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PharaohsVizier
08-16-2008, 12:16 AM
Memory Cards – Which do you need?


What kind of memory do you need?


Probably one of the only things people look at back in the time of GBA flash carts was the memory. How many games will it hold? Does it compress?


But today, in the flash cart market of the DS, there are far more questions regarding the memory. Not only does memory affect how many games can be put into the DS, it also affects speed.


All flash carts, in the past, in the present, and in the future are in two major categories which can be summarized relatively easily:


-Built-in Memory: Flash Carts that do not require memory cards, instead have some memory within the card.


-Expandable Memory: Flash Carts that do require memory cards, from SD to MicroSD.


Flash carts with built-in memory are fairly straight-forward. There is no future upgrading, no expanding memory, you are basically stuck with what you have. In some cases, there is a large amount of memory (N-Card), however, in almost all other cases, you are stuck with 512mb. The flip side to this memory is that built-in memory is faster than expandable media. The N-Card, the G6 Lite, they all run Castlevania – Portrait of Ruin flawlessly. This is an incredible feat for carts with expandable memory.


Flash carts with expandable memory are far more complex. There is a lot to worry about, from the amount of space, the quality of the chip, the price, and the speed. The good news about these memory cards is that if you buy the equivalent memory of built-in, they are cheaper.


Expandable media is a fancy way of saying memory cards. There is quite a large selection of memory cards, and you have to get the one that your cart supports. These memory card types are:

-CF: Really fast, even the slowest cards don’t give anyone problems, however they are big, I’d say 10x as big as the MicroSDs. However, they are fast, and cheap because they are old.

-SD: Relatively small, the carts that support SD stick out of old DSs by just a little bit. However, SD cards are slow, and unless you pay top dollar for one, then you’ll have lag for some of the more troublesome games.

-MiniSD: These carts are about half the size of SD cards, and they run really slow. You need to find the right cards to run the more problematic games, and even then you’ll have to live with lag. I’d recommend getting the A-Data 1gb MiniSD, they are not that expensive, and they run relatively fast compared to the others.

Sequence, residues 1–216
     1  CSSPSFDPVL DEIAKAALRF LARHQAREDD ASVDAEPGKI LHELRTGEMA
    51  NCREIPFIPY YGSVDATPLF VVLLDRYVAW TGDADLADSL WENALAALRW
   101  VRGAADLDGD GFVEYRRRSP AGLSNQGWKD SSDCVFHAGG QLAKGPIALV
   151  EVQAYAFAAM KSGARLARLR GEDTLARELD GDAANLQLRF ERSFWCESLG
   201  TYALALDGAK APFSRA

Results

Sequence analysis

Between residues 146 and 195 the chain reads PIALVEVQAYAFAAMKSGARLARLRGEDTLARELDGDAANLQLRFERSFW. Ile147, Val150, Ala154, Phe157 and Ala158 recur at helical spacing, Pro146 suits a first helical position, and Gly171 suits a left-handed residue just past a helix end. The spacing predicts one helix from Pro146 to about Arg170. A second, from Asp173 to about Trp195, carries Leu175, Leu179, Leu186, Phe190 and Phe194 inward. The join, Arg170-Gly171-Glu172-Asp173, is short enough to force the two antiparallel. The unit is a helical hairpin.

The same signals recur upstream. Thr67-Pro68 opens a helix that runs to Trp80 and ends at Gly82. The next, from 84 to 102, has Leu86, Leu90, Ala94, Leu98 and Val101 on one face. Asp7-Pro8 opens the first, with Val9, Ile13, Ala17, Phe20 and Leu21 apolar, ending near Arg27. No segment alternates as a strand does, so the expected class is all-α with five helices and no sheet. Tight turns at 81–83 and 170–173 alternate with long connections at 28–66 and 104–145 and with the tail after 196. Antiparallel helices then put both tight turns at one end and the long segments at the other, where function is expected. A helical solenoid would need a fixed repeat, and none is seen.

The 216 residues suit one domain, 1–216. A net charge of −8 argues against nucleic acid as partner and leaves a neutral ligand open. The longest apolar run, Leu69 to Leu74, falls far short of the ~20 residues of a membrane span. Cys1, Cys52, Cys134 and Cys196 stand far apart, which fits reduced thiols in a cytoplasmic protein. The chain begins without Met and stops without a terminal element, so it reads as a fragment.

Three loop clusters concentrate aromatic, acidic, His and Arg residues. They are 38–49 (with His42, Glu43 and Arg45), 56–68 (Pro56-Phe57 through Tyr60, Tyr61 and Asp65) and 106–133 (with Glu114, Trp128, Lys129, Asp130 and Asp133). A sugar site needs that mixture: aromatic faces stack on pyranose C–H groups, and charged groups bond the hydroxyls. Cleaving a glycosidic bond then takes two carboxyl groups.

-MicroSD: These carts have a wide array of results, from ridiculously slow to surprisingly fast. Generally speaking, most people would suggest the 1gb MicroSD cards that are branded with SD-C10G cards, which are the Kingston 1gb MicroSD (Made in Japan), PNY MicroSD, and the Toshiba MicroSD.


However, what some people don’t understand is that most people won’t ever meet one of these problematic games. In most games, it may be slight, unnoticeable lag, only a few games have major problems. In Castlevania: Dawn of Sorrow, there is lag in the intro video, who cares? In Castlevania: Portrait of Ruin, there are freezes and stutters, so you may need a fast card. In Tony Hawk’s Downhill Jam, there are stutters, regardless of what cart you have, the only cart that can run this game no problem is the N-Card. So unless you must play those games, you can get cheaper memory cards and simply avoid those games. However, I must say, the Kingston 1gb MicroSD (Made in Japan) are super cheap, so why choose something else?


So which kind should you choose? It is really hard to say. The built-in media features fast memory, and it is all decided and picked for you. So if you’re lazy, and you just want to get it over with, built-in media is the way to go. However, if you want to pick out a really cheap option, or you want the best, then you can go to either side of the spectrum and pick expandable media.


How much memory will I need?


Instead of giving you stats of how many games will be stored in each amount of memory, I will tell you right out, get a 1gb memory card. There are two main reasons for this suggestion.


First off, 512mb is just not enough, if you put a single movie in there, you’ll probably run out of space, if you have a favorite game you want to keep, you’ll never have enough space to swap. Second reason would be that memory cards with 1gb tend to be faster than the rest. Because of the technology involved in creating 1gb memory cards, they are a step higher than the 512mb, however, increasing the memory to 2gb will drastically slow performance.